Sector Aerospace, Defence and Marine,Environment,Transport
Impact Types Economic,Policy & public services

 
Description KTP partnership with Markes International on atmospheric sensing technologies 
Organisation Markes International
Country United Kingdom 
Sector Private 
PI Contribution A project to jointly develop trace gas sensors which will have wide application, including volcanic trace gases.
Start Year 2012
 
Title Aerosol Detection 
Description Aerosol detection apparatus comprises an aircraft having a dielectric member, such as a window (10), comprised in the body (12) thereof such that a surface of the dielectric member forms part of the exterior surface of the aircraft. Detection means (16), such as a static monitor is located on the inside of the aircraft and arranged to detect an electric field resulting from polarisation of the dielectric member. The output of the static monitor, or the rate of change thereof, correlates closely to particle density as the aircraft is flown though an aerosol, such as a volcanic ash cloud. The apparatus is simple and relatively inexpensive, and may comprise any general purpose aircraft. Aerosol particles may be detected and mapped using apparatus of the invention more easily and quickly than by use of devices such as optical spectrometers mounted on dedicated research aircraft, or static monitors mounted on the exterior of an aircraft. 
IP Reference 20130193978 
Protection Patent application published
Year Protection Granted 2013
Licensed No
Impact The invention is being further developed for commercial use on passenger aircraft.
 
Title Aerosol Detection 
Description Aerosol detection apparatus comprises an aircraft having a dielectric member, such as a window (10), comprised in the body (12) thereof such that a surface of the dielectric member forms part of the exterior surface of the aircraft. Detection means (16), such as a static monitor is located on the inside of the aircraft and arranged to detect an electric field resulting from polarisation of the dielectric member. The output of the static monitor, or the rate of change thereof, correlates closely to particle density as the aircraft is flown though an aerosol, such as a volcanic ash cloud. The apparatus is simple and relatively inexpensive, and may comprise any general purpose aircraft. Aerosol particles may be detected and mapped using apparatus of the invention more easily and quickly than by use of devices such as optical spectrometers mounted on dedicated research aircraft, or static monitors mounted on the exterior of an aircraft.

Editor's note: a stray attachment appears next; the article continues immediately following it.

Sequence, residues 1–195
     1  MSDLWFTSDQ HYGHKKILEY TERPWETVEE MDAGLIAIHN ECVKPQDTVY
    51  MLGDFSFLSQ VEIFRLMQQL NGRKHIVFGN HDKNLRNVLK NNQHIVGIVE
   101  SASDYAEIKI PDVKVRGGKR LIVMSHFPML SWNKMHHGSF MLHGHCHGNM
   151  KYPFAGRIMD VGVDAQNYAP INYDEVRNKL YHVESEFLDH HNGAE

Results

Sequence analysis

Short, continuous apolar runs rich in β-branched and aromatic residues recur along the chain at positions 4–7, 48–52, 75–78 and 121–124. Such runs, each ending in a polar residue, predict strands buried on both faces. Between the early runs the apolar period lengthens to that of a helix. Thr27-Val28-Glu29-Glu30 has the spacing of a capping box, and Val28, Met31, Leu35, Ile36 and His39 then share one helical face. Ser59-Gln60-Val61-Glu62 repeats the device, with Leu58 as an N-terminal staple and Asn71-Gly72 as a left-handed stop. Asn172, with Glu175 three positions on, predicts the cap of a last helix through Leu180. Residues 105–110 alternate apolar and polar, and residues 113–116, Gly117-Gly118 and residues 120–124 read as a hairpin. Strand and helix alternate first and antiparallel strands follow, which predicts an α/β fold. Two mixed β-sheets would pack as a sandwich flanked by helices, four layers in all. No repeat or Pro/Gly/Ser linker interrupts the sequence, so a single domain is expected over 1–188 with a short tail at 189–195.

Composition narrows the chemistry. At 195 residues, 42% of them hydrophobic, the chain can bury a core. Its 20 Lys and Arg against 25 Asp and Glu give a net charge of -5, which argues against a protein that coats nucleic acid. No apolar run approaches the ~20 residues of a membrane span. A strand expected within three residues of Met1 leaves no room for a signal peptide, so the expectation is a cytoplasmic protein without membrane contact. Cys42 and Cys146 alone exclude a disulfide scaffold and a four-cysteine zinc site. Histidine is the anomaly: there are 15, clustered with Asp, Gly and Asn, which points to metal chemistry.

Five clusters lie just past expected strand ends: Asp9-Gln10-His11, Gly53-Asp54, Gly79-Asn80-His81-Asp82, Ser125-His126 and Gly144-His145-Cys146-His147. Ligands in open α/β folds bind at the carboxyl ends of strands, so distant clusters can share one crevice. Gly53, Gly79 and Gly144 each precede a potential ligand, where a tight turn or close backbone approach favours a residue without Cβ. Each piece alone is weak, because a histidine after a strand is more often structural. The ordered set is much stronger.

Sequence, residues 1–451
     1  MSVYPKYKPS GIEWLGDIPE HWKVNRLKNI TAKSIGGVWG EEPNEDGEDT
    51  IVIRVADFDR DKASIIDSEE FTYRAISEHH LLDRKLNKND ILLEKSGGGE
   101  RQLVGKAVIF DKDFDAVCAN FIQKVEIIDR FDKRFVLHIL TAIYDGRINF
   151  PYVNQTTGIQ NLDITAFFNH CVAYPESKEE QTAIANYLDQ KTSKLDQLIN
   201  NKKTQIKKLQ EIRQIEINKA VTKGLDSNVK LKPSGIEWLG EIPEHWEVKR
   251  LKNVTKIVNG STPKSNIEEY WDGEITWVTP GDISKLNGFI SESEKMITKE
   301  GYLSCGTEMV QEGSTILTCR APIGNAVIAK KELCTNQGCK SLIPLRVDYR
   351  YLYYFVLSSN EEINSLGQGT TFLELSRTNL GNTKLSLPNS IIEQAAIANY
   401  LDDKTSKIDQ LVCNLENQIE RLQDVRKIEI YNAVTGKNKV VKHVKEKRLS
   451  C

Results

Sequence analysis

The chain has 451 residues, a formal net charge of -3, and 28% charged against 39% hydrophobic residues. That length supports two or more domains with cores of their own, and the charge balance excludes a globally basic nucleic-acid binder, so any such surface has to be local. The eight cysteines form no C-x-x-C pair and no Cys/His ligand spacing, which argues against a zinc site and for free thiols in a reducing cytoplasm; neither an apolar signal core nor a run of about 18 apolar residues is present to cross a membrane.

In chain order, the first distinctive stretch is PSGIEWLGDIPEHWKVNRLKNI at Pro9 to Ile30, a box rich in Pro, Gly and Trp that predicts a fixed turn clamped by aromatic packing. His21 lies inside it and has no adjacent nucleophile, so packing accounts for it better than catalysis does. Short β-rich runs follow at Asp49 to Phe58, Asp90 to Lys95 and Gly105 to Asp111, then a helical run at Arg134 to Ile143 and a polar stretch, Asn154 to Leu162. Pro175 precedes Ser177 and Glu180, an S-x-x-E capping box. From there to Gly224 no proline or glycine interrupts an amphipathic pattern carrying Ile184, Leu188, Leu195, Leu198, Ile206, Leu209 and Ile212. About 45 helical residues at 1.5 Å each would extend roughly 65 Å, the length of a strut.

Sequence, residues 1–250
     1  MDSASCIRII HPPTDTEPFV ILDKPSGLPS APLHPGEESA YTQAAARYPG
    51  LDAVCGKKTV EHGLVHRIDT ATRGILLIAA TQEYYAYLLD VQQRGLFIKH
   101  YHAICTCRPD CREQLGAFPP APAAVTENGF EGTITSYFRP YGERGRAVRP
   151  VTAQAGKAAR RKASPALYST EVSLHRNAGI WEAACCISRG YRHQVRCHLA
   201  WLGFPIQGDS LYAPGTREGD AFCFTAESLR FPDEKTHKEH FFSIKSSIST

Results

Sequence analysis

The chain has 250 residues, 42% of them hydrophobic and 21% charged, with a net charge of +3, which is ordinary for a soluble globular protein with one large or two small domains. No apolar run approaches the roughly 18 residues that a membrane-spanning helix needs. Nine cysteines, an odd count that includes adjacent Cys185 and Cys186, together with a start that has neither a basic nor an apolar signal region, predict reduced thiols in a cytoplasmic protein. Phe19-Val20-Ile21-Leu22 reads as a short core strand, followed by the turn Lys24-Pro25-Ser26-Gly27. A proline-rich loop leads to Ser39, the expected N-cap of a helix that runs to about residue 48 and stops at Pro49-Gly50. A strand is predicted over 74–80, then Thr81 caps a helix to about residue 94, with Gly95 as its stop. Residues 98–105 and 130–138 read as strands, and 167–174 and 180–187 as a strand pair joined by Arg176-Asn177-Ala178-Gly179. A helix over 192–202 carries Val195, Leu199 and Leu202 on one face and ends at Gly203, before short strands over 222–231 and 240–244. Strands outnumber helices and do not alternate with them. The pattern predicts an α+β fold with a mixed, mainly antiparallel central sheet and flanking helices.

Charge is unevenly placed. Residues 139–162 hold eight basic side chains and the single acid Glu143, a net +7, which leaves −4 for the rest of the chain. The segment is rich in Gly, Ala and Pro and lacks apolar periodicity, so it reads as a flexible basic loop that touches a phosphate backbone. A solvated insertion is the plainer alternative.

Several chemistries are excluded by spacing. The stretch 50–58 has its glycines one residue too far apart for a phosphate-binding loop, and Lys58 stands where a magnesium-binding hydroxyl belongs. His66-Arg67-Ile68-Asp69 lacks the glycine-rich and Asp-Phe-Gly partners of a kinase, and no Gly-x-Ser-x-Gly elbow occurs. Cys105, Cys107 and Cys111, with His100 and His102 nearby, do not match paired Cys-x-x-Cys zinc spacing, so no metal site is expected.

IP Reference CA2812752 
Protection Patent application published
Year Protection Granted 2013
Licensed No
Impact The invention is being further developed for commercial use on passenger aircraft.
 
Title Aerosol Detection 
Description Aerosol detection apparatus comprises an aircraft having a dielectric member, such as a window (10), comprised in the body (12) thereof such that a surface of the dielectric member forms part of the exterior surface of the aircraft. Detection means (16), such as a static monitor is located on the inside of the aircraft and arranged to detect an electric field resulting from polarisation of the dielectric member. The output of the static monitor, or the rate of change thereof, correlates closely to particle density as the aircraft is flown though an aerosol, such as a volcanic ash cloud. The apparatus is simple and relatively inexpensive, and may comprise any general purpose aircraft. Aerosol particles may be detected and mapped using apparatus of the invention more easily and quickly than by use of devices such as optical spectrometers mounted on dedicated research aircraft, or static monitors mounted on the exterior of an aircraft. 
IP Reference EP2622387 
Protection Patent application published
Year Protection Granted 2013
Licensed No
Impact The invention is being developed for commercial use on passenger aircraft
 
Title Aerosol detection 
Description A new technique for detecting volcanic ash outside of an aircraft has been developed. The key discovery is that when an aircraft flies through volcanic ash an electric field is induced within the aircraft cabin. This field can be detected and used to warn of the presence of ash. 
IP Reference WO2012042242 
Protection Patent application published
Year Protection Granted 2012
Licensed No
Impact Prototype ash sensor instruments are flying on Flybe and British Airways aircraft as well as on the NERC FAAM research aircraft
 
Description Stakeholders meeting 
Form Of Engagement Activity Participation in an activity, workshop or similar
Part Of Official Scheme? No
Geographic Reach International
Primary Audience Policymakers/politicians
Results and Impact Workshop led to greater understanding and exchanges between policymakers and the scientists in the VANAHEIM project.

Members of the VANAHEIM team have been asked to provide additional advice to policymakers and government.
Year(s) Of Engagement Activity 2014